Wyoming is unquestionably a gorgeous state and one that’s coveted by landscape and wildlife photographers around the world. With Yellowstone National Park, the Grand Tetons, or one of the other vast and countless parks, it’s one of the United State’s more untouched states, providing photographers a wide offering of natural backdrops to photograph. However, according to a report published by Slate, a new bill (SF0012) has gone into effect which may have some photographers facing up to five years jail time.
“photos are a type of data, and the new law makes it a crime to gather data about the condition of the environment across most of the state if you plan to share that data with the state or federal government.”
The law, titled ‘Trespassing to collect data’, states that any individual collecting data (photographs included) on open land without written or verbal permission to be collecting data is punishable by $1000 fine, up to one year jail time, or both. Repeat offenders would face a fine of up to $5000 and/or a jail sentence of up to 5 years.
What this means for photographers is even though you may have permission to be photographing on land, unless it is specifically stated that you are allowed to take photographs as a method of documenting environmental resource data, should your photos make it back to a state or federal government agency, you have broken the law. The example Slate provides has a photographer taking an image of the sunrise over Yellowstone, not a big deal, thousands of those photos exist. But, if that photographer happens to really like his photo and submits it into a contest being offered by the National Weather Service, said photographer is now technically a criminal under the new law.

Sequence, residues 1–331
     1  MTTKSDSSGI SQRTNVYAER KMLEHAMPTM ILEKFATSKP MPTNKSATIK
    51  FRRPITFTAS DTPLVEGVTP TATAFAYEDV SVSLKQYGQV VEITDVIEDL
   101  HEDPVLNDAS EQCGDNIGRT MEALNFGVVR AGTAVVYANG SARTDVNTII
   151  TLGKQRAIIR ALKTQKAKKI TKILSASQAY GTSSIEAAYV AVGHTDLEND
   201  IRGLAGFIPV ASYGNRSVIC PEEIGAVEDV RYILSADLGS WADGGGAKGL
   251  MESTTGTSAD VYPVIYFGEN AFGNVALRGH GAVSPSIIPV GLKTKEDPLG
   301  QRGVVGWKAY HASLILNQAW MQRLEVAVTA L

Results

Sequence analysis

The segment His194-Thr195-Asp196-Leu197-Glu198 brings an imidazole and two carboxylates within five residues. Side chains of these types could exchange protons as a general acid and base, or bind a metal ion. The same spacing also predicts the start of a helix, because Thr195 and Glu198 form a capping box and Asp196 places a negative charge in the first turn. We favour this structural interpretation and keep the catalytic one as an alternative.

Another hypothetical example would be if you were out photographing wildlife on open land and were granted permission to be doing so, but then saw someone pouring some kind of chemical into a nearby stream and photographed it as evidence to turn into federal authorities, technically you could also be facing jail time.
“The new law is of breathtaking scope. It makes it a crime to “collect resource data” from any “open land,” meaning any land outside of a city or town, whether it’s federal, state, or privately owned. The statute defines the word collect as any method to “preserve information in any form,” including taking a “photograph” so long as the person gathering that information intends to submit it to a federal or state agency. In other words, if you discover an environmental disaster in Wyoming, even one that poses an imminent threat to public health, you’re obliged, according to this law, to keep it to yourself.”
Pidot cites the motivation behind the new law as a way around enforcing laws which would require cattle ranchers to restrict how often their cattle grazed near streams, which can cause the spread of e. coli. According to Pidot, the ranching community in Wyoming is very large and has a lot of politically pull. He is urging the U.S. Department of Justice to bring forth a lawsuit which would rule the new Wyoming law unconstitutional.
Of course, the situations presented are all hypothetical and it remains to be seen just how the law will be enforced, but it’s important to be informed on such laws rather than learn the hard way.( Not to mention, the obvious concerns raised by this particular law that falls outside of photography.) You can read the bill in it’s entirety, here.